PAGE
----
The Real "Prison Break?"
Don and Bob Hughes believed the story of their prison break was so good, they wrote a manuscript about it. A few years later, the brothers were shocked when FOX Television debuted "Prison Break," which is now in its third season.
"Life was good and then all of a sudden, we're on the run all over the United States. The State is after us, and then they caught him in the Army. The federal government wanted us," said Don.
The fact that the FOX show parallels their own story is no coincidence, the Hughes brothers claim. In fact, the brothers say that the television show is based on that manuscript they wrote eight years ago.
"The money would be nice, its the principle. There you have the KC Star front page. It looks like the TV show 'Prison Break.' They took our manuscript," Don explained.
The brothers say there are too many similarities between their manuscript and one episode of the show, now in its second season.
"They set up a road block at Highway 6 and 53. Well, we live a few blocks from 5 and 52, so it's like they're saying we got your manuscript," Bob said.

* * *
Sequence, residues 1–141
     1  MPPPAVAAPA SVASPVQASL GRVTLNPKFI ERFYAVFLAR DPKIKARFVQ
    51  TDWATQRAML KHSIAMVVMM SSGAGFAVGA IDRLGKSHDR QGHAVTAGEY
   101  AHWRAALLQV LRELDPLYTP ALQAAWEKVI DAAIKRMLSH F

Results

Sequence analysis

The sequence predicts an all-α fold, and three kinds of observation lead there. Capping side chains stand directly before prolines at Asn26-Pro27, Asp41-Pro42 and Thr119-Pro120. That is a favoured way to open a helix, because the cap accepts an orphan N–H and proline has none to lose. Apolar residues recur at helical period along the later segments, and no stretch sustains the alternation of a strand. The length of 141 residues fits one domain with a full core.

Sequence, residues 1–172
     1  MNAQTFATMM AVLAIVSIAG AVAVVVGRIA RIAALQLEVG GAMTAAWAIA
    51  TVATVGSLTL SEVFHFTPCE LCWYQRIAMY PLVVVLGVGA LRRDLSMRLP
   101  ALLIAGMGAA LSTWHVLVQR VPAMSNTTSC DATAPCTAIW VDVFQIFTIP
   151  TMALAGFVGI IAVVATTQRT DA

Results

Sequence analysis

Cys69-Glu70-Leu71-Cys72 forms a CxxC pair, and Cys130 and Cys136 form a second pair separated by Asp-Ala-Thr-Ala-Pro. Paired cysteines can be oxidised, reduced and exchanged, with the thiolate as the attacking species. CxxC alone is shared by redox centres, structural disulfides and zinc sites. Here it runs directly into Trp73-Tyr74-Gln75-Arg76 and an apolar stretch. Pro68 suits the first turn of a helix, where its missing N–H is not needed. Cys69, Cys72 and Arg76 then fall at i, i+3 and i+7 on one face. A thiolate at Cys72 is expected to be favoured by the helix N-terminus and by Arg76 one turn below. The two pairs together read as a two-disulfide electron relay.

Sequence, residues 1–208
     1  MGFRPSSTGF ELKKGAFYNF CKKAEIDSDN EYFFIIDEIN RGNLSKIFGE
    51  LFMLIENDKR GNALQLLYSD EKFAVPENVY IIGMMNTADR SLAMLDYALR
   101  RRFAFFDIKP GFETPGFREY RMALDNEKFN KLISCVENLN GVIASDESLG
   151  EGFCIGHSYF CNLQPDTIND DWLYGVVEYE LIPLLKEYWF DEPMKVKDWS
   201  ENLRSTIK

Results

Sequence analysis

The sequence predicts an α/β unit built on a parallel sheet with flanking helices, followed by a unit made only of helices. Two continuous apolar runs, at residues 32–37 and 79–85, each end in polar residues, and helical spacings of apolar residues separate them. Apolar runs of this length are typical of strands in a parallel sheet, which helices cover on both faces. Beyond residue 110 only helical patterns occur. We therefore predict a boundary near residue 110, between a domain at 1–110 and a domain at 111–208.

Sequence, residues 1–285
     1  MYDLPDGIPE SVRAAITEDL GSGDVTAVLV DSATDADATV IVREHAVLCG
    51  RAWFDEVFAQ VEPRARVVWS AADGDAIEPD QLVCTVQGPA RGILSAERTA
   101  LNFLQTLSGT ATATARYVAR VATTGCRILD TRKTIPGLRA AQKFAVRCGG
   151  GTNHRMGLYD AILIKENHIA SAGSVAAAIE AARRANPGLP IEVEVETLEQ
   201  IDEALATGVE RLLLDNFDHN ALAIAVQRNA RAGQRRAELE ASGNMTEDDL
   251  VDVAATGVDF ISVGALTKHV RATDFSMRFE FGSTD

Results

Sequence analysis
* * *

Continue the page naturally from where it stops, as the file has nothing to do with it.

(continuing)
However, a judge disagreed with the brothers, ruling in favor of FOX Television. In a 23-page decision, U.S. District Judge Scott Wright said that there were not as many similarities as the brothers would claim between their manuscript and the show itself. Differences aside, the judge ruled, it is not possible to copyright a true story.
"We missed out on selling the story in the first place and now if we try to sell it, someone will say that's 'Prison Break,' and that was our story to start with," Bob explained.
The Hughes brothers are not sure whether they will appeal or not.
Regardless of the origin of the FOX show's premise, the story of the Hughes brothers certainly fits the Hollywood bill. When older brother Don heard what Bob was going through in prison, he decided to come to his brother's rescue.
"The guards brutalized the inmates. It was a hell hole, and if I had to do it all over again, I would," Bob explained.
The brothers ran from the law for four years before they gave up. Both brothers were eventually exonerated for their crimes.